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'Old Balls' Has Answer to Gaming War

By Moose, Jr.

Neighbors:Here's what they got (Seneca [below]). Here's what we got (Niagara Falls [above]).
Barry Snyder, president of the Seneca Nation, represents a sovereign nation (and gaming corporation) that takes from Niagara Falls but doesn't give anything back. In the end, it will likely go quite badly for Seneca, for no one can long endure who takes but does not give in return. The Senecas should immediately pay the city of Niagara Falls for it has fulfilled all its obligations as host city regardless of what Albany has or has not done.

One night while pondering the plight of Niagara Falls, and how the city was going broke, I thought to myself: What could I do?

And then it came to me.

I would try to negotiate a settlement between New York State, the Seneca Nation of Indians, and Niagara Falls.

So far, the mayor has done nothing, the council is all but powerless, the governor could not care less about the city, and if it were left up to the lawyers, they would drag this thing on forever for their own gain at the taxpayer’s expense.

So why shouldn’t I give it a try?

One of my close friends is a Seneca Indian, so we had a few drinks at the casino bar to discuss the matter.

I asked my friend, "what Seneca leader might be sympathetic to my plea?"
He thought a moment and suggested I speak to an old Seneca man that he knew who is referred to as “Old Balls.” So I asked, “why is he called that?” “Because, like any good Seneca in the gaming field, he is always willing to give you a few beads of sweat from them, anytime you were in need,” my friend replied.

My friend introduced me to Old Balls in the Seneca coffee shop, and left us alone to talk.

Old Balls had a kindly face, seemed wise and interested. I recounted the feud between the Senecas and the state over the casino revenue, and that the city was caught in the middle. I went on further to say that Niagara Falls never broke any agreement; its people provided a percentage of good casino workers; they patronized Seneca restaurants and concerts, and gambled and lost plenty of money, too, while their police department protected their customers and the fire department was on call in the event of an emergency -- all paid for by the city of Niagara Falls. The department of public works made sure the streets were paved to their doors and gave them service without questions asked.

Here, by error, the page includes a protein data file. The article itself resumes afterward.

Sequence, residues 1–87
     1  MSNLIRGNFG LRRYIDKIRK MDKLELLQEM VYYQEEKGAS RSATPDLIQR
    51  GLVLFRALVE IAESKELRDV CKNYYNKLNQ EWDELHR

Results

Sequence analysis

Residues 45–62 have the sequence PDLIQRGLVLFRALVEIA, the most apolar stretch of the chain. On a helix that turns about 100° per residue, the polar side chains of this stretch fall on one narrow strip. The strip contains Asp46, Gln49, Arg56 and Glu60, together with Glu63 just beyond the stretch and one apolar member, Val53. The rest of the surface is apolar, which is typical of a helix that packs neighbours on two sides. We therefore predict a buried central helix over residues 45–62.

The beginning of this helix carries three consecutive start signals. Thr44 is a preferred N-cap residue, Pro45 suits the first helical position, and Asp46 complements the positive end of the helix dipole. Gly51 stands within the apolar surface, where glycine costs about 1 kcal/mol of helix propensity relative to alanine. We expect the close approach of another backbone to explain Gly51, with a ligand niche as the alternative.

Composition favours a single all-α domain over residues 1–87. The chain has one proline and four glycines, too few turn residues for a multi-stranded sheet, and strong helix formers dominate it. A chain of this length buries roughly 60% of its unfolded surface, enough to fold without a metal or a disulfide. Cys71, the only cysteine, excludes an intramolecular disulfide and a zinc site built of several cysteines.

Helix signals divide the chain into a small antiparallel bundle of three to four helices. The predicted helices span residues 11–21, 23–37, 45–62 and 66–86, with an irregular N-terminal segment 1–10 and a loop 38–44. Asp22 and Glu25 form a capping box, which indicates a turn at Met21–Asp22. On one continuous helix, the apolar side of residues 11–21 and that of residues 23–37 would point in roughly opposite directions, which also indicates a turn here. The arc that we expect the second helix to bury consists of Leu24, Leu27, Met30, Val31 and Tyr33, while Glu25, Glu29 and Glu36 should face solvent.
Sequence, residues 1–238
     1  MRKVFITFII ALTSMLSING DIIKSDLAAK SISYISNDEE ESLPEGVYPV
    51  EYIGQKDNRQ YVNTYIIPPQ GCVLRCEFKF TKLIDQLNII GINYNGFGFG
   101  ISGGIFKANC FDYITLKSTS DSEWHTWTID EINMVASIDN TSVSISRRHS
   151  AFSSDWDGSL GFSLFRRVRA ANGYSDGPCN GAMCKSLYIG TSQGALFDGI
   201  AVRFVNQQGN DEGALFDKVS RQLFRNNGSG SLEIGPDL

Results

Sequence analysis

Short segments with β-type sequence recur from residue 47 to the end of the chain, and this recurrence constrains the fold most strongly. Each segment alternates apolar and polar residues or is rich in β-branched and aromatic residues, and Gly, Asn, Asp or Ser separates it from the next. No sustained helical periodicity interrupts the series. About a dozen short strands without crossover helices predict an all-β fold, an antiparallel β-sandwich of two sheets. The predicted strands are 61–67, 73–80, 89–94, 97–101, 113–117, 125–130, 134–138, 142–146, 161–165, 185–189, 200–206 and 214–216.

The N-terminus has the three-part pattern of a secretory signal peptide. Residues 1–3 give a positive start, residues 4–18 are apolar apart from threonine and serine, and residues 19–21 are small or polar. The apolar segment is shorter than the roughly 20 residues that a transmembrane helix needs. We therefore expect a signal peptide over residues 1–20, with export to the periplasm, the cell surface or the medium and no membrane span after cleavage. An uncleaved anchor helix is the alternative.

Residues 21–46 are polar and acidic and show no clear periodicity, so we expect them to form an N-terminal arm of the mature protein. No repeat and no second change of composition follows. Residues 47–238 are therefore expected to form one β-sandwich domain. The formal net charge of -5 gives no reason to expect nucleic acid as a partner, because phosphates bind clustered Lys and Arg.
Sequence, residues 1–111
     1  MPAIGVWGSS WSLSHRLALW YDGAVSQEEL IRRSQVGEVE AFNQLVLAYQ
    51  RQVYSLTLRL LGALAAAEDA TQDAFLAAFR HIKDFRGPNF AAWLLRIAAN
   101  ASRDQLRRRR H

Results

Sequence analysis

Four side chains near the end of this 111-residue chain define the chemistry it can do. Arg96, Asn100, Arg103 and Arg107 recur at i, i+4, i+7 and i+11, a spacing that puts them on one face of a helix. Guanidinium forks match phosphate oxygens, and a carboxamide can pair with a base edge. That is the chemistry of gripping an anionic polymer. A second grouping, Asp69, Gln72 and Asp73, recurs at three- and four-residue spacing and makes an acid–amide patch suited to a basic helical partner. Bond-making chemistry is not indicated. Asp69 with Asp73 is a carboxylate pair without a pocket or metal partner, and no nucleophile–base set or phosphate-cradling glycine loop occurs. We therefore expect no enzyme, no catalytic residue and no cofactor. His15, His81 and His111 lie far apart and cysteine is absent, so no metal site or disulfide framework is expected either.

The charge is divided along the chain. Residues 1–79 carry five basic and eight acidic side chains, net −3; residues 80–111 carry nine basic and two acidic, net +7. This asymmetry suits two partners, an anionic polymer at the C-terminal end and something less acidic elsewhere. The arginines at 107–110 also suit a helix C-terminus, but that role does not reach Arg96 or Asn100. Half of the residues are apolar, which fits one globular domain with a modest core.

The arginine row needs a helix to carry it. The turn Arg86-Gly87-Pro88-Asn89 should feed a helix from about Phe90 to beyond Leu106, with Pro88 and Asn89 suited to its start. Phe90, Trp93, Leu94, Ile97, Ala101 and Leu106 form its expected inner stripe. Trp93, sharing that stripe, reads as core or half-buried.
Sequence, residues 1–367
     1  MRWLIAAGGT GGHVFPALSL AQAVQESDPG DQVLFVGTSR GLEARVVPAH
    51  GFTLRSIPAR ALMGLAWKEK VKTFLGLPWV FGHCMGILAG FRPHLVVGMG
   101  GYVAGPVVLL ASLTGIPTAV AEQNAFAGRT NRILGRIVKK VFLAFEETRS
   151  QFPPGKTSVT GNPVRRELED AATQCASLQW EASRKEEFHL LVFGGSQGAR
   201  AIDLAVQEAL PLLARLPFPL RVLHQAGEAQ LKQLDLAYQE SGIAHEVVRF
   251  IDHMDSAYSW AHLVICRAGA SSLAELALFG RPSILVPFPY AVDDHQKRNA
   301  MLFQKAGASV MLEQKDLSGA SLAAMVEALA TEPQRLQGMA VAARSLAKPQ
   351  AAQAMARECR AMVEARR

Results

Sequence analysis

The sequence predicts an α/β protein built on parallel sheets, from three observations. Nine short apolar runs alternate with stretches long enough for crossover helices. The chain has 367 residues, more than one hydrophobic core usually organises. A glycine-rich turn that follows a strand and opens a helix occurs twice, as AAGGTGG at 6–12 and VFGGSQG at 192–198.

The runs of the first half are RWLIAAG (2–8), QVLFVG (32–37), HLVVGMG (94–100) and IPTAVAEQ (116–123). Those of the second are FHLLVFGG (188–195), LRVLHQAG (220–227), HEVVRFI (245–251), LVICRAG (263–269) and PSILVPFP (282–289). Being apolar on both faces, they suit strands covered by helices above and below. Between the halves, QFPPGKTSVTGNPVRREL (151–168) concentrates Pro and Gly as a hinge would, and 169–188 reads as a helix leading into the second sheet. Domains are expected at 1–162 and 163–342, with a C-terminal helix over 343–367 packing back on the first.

In fact, the very casino itself was given to the Senecas for one dollar. It used to be our beloved convention center, which we lost. Now to make room for the Senecas, we no longer can have conventions in our town. On top of that, the city tourism efforts treated the Senecas like a brother, promoting the casino and its entertainment as if it were one of their own, despite the fact that all the Seneca businesses paid no taxes, while the businesses outside the casino had to pay among the highest taxes in the USA.

So why should the city of Niagara Falls be punished and impoverished for what the state did by allegedly breaking the compact?

The city, which attracts millions because of its waterfalls, and the locals who gambled and regularly lost, are the very reason for the Seneca’s success. And, at the end of the day, the Senecas could help the city immensely without hurting the Senecas in the slightest and they could still have their fight with Albany.

"I mean, after all," I said, "the city has been nothing but good for the Senecas."

Old Balls took in everything I said and looked at me intently. After a few moments he spoke:

“A long journey starts with the first step and my advice to you, my son, is to go and get a very large bucket, fill it up with your own quarters, and head for the slot machines here. With all that good karma you mentioned, and a little bit of luck that you deserve, you just might get the ball rolling and save the city of Niagara Falls all by yourself.”

But what if I don't win? I asked.

"Then come back here and I'll give you more than what the Senecas have given Niagara Falls during these last three years, while we have made millions off this city."

What will you give, Old Balls? I asked.

"A bead of sweat, my son, from my old balls."



Niagara Falls Reporter - Publisher Frank Parlato Jr. www.niagarafallsreporter.com

Feb 19 , 2013